The Influencer Pay Gap: Revealing Racial Bias 

According to the MSL Report, "the racial pay gap between white and BIPOC influencers (Black, Indigenous & People of Colour) is 29%. Focus specifically on the gap between white and black influencers, and it widens to 35%."

Kumba Dauda

Kumba Dauda

Founder & CEO
Wholehearted Social
December 30, 2021

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Estimated reading time: 6 minutes

“Issues of systematic injustice have plagued Influencer marketing for years — and been largely ignored for far too long,” - Diana Littman, MSL CEO 

When it comes to equity, pay gaps are an ongoing fight that many of us have been facing for so long. No matter which industry you are in, you will see a pay gap depending upon disability, gender, and race. And, it's not surprising at all that now we are seeing this in influencer marketing as well.

According to the MSL Report, "the racial pay gap between white and BIPOC influencers (Black, Indigenous & People of Colour) is 29%. Focus specifically on the gap between white and black influencers, and it widens to 35%."

Our Founder, Kumba Dauda who has collaborated with global fashion and beauty brands commented in this article, “the extent to which pricing in this field fluctuates is due to there being no set benchmarks. I would like to see in a legal sense, industry standards being set to protect influencers’ rights and ensure no one is taken advantage of, as I see it far too often in this industry. From one side being an influencer myself and from the other side from running influencer marketing campaigns at Wholehearted Social - I have a multifaceted perspective and feel strongly about fighting the systematic injustice I see in the industry.” 

But why does this pay gap even exist? Why are black influencers getting exploited and are forced to work at lower rates as compared to their white peers? 

With so many questions we aim to answer, let’s first look at the major concerns and key finding found from the MSL report: 

  • 49% of black influencers and 36% of BIPOC influencers reported that they were offered to work below-market rates because of their race.

  • 59% of black influencers and 49% of BIPOC influencers versus 14% of white influencers reported that they felt negative impacts on their finances when they raised their voice or posted against issues of the race like "Black Lives Matter".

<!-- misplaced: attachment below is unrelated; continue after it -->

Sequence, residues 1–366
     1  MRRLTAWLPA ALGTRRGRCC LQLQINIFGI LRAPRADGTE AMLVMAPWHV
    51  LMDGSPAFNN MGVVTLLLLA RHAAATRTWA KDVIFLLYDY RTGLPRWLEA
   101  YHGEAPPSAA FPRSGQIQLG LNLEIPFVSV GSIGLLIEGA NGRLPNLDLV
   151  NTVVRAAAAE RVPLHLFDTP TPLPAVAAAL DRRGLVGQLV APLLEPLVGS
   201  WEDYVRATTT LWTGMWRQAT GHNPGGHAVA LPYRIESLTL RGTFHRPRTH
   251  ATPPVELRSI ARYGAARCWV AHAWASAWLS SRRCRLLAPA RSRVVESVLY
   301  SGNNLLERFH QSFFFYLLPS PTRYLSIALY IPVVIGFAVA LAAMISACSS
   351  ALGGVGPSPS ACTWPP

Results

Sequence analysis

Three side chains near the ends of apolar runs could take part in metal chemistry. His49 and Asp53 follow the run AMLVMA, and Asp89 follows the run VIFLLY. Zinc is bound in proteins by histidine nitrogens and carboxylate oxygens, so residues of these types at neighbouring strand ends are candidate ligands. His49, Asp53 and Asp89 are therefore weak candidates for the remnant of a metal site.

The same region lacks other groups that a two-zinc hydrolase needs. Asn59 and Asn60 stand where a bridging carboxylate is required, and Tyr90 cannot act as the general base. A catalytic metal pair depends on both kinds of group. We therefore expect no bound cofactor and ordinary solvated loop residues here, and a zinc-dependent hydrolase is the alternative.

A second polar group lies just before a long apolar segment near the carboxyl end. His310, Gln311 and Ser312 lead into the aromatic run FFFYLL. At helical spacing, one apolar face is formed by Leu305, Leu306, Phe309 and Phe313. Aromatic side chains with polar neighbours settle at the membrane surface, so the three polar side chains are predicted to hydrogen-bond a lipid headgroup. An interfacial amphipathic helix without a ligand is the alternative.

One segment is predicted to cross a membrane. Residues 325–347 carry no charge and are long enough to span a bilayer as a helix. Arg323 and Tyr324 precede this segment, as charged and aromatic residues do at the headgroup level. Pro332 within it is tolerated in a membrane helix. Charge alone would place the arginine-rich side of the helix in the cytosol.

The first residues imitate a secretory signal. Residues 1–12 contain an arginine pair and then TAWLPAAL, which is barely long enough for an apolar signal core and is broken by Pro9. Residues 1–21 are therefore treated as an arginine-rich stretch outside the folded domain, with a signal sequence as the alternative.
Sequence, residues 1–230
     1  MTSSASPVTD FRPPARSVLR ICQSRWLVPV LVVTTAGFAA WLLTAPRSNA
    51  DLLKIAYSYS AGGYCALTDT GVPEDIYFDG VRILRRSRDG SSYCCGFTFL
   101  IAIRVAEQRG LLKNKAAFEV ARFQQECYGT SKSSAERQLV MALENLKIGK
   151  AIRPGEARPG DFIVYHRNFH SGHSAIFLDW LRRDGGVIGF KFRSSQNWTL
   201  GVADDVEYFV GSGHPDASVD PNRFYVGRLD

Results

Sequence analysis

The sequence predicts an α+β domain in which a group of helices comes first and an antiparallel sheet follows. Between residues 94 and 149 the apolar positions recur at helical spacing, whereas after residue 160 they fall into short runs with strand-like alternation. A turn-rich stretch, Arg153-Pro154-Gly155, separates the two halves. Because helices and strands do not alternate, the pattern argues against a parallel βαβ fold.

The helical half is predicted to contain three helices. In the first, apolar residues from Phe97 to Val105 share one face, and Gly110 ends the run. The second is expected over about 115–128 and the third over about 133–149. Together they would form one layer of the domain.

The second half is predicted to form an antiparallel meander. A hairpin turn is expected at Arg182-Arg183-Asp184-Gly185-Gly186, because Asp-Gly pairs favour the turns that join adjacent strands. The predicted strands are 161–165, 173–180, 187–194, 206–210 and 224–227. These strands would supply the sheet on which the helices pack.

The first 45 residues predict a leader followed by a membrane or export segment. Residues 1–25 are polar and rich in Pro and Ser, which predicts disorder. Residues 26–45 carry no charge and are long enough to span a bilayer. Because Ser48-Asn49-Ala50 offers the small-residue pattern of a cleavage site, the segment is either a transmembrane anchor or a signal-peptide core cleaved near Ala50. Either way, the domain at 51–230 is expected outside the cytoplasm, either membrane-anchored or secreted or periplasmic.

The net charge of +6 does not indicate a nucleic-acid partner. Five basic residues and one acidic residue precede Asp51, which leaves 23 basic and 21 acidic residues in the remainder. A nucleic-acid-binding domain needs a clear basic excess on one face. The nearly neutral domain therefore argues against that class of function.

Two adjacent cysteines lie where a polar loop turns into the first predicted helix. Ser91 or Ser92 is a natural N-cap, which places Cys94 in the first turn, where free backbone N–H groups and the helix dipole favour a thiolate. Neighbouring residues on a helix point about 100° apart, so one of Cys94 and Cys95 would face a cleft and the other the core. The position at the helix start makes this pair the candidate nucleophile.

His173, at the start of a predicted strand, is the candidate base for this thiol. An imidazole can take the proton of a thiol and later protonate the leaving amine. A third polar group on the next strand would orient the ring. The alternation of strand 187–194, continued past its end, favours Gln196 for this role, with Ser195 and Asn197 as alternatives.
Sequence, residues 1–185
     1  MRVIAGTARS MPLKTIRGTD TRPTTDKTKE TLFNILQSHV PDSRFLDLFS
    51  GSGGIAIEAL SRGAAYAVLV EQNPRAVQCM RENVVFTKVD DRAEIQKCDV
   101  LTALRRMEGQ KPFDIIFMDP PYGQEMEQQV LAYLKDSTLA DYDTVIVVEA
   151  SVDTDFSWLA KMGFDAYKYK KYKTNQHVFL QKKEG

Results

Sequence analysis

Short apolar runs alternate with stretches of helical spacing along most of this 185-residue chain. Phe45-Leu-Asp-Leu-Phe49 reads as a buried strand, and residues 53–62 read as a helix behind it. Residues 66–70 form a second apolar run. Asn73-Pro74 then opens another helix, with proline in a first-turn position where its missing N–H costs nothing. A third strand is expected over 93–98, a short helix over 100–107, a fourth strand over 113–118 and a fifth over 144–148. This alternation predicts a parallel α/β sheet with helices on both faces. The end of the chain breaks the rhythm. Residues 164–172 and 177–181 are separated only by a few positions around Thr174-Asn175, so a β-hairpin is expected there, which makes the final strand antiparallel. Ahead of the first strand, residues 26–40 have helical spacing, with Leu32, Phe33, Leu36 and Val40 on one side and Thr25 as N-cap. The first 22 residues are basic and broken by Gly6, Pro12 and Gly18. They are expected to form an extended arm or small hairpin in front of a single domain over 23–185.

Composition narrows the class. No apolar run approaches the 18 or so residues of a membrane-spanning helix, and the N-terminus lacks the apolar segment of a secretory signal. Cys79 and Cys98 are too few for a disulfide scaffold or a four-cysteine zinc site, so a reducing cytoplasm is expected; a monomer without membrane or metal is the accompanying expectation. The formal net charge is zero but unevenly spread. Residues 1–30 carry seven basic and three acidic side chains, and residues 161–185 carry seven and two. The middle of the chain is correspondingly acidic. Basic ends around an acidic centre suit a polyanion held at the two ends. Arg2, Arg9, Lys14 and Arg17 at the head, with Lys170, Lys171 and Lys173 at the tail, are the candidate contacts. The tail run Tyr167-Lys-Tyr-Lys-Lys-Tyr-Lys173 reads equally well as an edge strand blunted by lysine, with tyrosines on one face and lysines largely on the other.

• When comparing audience size, 77% of black influencers come under the nano and micro influencer tiers which means under 50,000 followers. The annual average compensation for this size of audience is £20,000.

  • Only 23% of black influencers fall under the macro influencer tier (more than 50k followers) versus the great number of 41% of white influencers where the average annual pay for macro influencers is roughly £75,000.

Why does this influencer pay gap even exist?

There might not be just one reason to answer that question, instead a multitude of reasons that the influencer pay gap exists. However, from the research on the influencer marketing industry, here's are the top 2 reasons for the existence of this influencer pay gap:

  1. Lack of pay transparency
  2. Lack of standardisation

According to the MSL report, lack of pay transparency is the greatest amplifier of inequity in influencer marketing. Also, in a survey, 92% of respondents said pay transparency can help to get rid of the influencer pay gap.

Lack of transparency is a huge disadvantage for influencers as without the transparency they are not able to fully understand what is standard pricing for their industry and they are mainly going from guesswork.  

When it comes to working with agencies and brands, 45% of black influencers said "managing the financial process" is the most challenging task (as compared to 27% of white influencers).

Even if influencers try to work with brands one on one without the interference of agencies, they still face the struggle of what they should be charging for marketing campaigns, which is purely due to the lack of transparency.

Not only this, but the Marketing Week survey found that 88% of marketers identify as white, while just 4% identify as mixed race and 2% as black. It makes us want to look into the marketing industry in more in depth and find out whether that is the main root cause of the problem. 

How Can We Resolve The Influencer Pay Gap?

Solving problems like the influencer pay gap is not as easy as having a piece of cake but it's possible. 

And, no doubt, MSL is doing a great job leading the industry towards equity.

The most hopeful finding of the MSL research is that the BIPOC market has the buying power of $4.8 trillion and In addition, two of the most valuable consumer audiences in today's market are BIPOC with 48% of Gen Z and 43% of millennials, and, by the middle of the next decade, they will be the most economically powerful generation of all. 

Three key priorities that MSL will be focusing on the prevent the influencer pay gap are:

  1. The industry must level the playing field and bridge the opportunity gap
  2. Pay transparency must be solved
  3. Advocacy for BIPOC influencers is an economic imperative.

At Wholehearted, Diversity and Inclusion is always at the forefront of our mind. 

“Without diversity of thought, creativity is lost.” -

- Kumba Dauda, Founder Wholehearted Social. 

We are against every inequity, no matter which industry is going through it. We have a diverse team of digital marketing creatives that ensures that your business is being fully represented in the way you desire.

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